here's a quote, which underlines the thought process's of rome itself:

Quote:
Francis, who has a reputation for frugality and an understated lifestyle, insisted on paying the bill. "He was concerned about giving a good example of what priests and bishops should do," a Vatican spokesman said.

Father Pawel Rytel-Andrianik, who lives in the same residence in the winding backstreets of central Rome, told Reuters: "I don't think he needs to worry about the bill. This house is part of the Church and it's his Church now."




i certainly appreciate ANY man who desires the frugal and the simple, but that last line?

"This house is part of the Church and it's his Church now".


oh. "his Church"....since its a small "h" in "his", i presume what this man means to says, its "his" meaning its Francis's "Church" now?

okay........ummmmm, might God have a little Something to say about this?

Praise God, via this forum, i have been blessed enough to dig out various brothers and sisters that i have either fellowshipped face to face with...or fellowship via the phone, only awaiting the day, we can fellowship face to face. Just the other day, i believe that brother Andrew, (AMRKelly) and i passed a sort of wonderful fire, that knit us together in Jesus. My brother lives in England, a land i was pleased to work in days past, i truly love Britain, Scotland, Wales, Ireland....and maybe someday, i can actually see Andrew. Another dear brother, who i fellowship extensively with via phone is my dear brother Frank (appolus) and i pray he knows this side of Heaven how dear and precious our fellowship is to me, as our "wee chats" are much more than that, to me. My brother Frank has served in many ways as my dear pastor Ted has served, an elder brother and mentor, though brother in human years is indeed younger than i.

My brother Frank is a Scotsman, i only bring that up, because BEFORE i came to speak with my brother Frank, or to begin, God willing, a Godly fellowship with my brother Andrew, one of the first men i 'discovered' when i came to know Jesus, follow Jesus was Dr. Ian Paisley.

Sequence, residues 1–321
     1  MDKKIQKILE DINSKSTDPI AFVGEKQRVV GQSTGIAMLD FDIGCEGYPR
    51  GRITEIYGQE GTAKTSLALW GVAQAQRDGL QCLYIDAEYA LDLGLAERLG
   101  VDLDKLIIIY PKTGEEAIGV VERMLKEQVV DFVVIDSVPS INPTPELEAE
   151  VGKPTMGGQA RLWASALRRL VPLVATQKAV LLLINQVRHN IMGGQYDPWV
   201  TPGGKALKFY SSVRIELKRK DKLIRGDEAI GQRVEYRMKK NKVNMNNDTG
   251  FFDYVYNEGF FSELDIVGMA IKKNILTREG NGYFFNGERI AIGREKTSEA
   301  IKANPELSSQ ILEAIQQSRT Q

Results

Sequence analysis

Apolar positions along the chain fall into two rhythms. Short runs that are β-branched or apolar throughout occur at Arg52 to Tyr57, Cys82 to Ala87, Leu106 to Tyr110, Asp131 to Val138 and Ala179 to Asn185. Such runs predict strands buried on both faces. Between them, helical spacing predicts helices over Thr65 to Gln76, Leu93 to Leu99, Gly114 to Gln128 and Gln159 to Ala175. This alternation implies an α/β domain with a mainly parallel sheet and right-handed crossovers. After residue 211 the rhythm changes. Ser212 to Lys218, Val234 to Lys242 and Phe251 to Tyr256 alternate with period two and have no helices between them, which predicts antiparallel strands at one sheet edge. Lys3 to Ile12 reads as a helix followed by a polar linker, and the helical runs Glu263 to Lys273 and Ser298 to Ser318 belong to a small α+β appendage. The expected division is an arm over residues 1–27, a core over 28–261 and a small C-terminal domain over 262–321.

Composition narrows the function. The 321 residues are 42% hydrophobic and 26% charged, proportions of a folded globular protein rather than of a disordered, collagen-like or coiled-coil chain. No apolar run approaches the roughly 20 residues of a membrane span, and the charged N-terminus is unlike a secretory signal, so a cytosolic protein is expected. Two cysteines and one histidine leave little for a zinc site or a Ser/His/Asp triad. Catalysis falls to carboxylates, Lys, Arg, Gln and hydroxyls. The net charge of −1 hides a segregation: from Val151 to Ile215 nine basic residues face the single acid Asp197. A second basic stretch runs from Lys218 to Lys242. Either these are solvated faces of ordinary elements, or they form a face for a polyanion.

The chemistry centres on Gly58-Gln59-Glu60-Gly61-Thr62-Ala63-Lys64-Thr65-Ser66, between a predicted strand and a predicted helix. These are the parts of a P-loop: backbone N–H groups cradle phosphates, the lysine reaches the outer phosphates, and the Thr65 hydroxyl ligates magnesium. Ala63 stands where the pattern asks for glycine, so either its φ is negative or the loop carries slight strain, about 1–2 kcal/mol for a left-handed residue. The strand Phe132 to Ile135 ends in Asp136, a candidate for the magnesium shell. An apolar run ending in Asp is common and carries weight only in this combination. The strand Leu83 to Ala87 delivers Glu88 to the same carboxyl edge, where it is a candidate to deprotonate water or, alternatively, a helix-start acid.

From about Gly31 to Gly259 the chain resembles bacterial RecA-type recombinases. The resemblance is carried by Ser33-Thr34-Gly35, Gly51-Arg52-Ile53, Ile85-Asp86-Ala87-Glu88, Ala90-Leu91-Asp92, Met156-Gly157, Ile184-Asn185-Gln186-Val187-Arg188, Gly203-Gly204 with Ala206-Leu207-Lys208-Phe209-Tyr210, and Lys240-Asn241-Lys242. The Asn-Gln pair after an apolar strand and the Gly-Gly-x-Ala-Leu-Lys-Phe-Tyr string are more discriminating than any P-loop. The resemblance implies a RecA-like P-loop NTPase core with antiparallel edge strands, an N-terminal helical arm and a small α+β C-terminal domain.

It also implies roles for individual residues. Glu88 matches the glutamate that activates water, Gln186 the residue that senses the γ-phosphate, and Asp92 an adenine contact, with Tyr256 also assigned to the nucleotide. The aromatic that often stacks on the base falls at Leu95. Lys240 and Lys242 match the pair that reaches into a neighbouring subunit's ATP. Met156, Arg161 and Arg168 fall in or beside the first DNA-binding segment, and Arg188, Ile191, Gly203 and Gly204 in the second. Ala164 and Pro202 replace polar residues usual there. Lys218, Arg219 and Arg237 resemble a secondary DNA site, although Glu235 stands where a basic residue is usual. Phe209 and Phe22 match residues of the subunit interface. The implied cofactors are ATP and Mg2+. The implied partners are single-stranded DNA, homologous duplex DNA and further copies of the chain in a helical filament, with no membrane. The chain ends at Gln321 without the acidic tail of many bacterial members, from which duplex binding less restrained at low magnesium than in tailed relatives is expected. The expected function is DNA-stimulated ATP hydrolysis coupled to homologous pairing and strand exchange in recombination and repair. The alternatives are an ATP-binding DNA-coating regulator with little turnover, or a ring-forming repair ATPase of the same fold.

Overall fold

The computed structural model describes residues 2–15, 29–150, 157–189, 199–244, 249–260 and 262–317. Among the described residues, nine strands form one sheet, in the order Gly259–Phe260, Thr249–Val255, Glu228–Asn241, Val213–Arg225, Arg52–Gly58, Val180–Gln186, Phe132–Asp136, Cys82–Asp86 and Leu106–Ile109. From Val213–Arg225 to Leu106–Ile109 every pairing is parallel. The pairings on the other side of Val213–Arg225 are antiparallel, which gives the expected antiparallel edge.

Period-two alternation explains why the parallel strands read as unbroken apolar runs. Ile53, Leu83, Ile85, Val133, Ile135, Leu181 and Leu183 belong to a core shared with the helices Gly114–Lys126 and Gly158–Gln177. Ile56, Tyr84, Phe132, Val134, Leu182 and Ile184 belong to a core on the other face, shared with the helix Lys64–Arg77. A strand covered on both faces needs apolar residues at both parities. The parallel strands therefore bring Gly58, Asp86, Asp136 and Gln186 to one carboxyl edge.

i stumbled upon Ian, because i when first born anew in Christ, my heart was canted towards "revival", as i myself had undergone revival...a quiet revival, where a Jew, like myself had Messiah revealed TO me and IN me....up on a lonely horse ranch high in the Santa Monican Mountains of Southern California...all alone, just God the Holy Ghost and myself.

Ian really spoke to my heart,and the long story short, Frank helped me realize, (as well as reading others writings) that once Ian delved into politics....i dont how to say this...it might have emptied his message a bit. But those early sermons, where he spoke against rome, the pope, the rcc, and any 'ecumenical' councils...nobody spoke with a stronger or clearer "voice".

lately, some of these earlier sermons, this one "Why True Protestants reject the Pope"...resonate even MORE with me, but i do want to say, i post with tredipation, because i want to be sensitive to my brother Frank. (in actuality, my personal three favorite preachers/teachers are Duncan Campbell, Len Ravenhill and Michael Brown.....Duncan especially)

Ian Paisley "Why True Protestants reject the pope"
http://www.sermonaudio.com/playpopup.asp?SID=6846

in Jesus love, neil

 2013/3/17 11:12









 Re:

The Jesuits main role shortly after their founding was counter reformation. They are credited with " saving," Poland and Lithuania from the reformation. They are zealously loyal to the office of Pope and actually take an extra vow in this regard. Even if they believe that something is very wrong, if the Papal hierarchy pronounces it otheriwse, then they have vowed to call that which they see as black, white. Of course they believe, above all others, that when the Pope speaks on matters of faith and morals, then He speaks infallibly..........bro Frank

 2013/3/17 11:37
ADisciple
Member



Joined: 2007/2/3
Posts: 835
Alberta, Canada

 Re:

Andrew said, "This does indeed represent a profound problem for all who see the inherent lie of the Office, being as it is, no true catholic office. In short the Office of Chief apostle belongs to Christ, Who alone is the author and finisher of our faith, yet as we know this title has been laid hold off and used by successive generations of men called Bishop of Rome, since the end of the second century beginning with Pope Victor."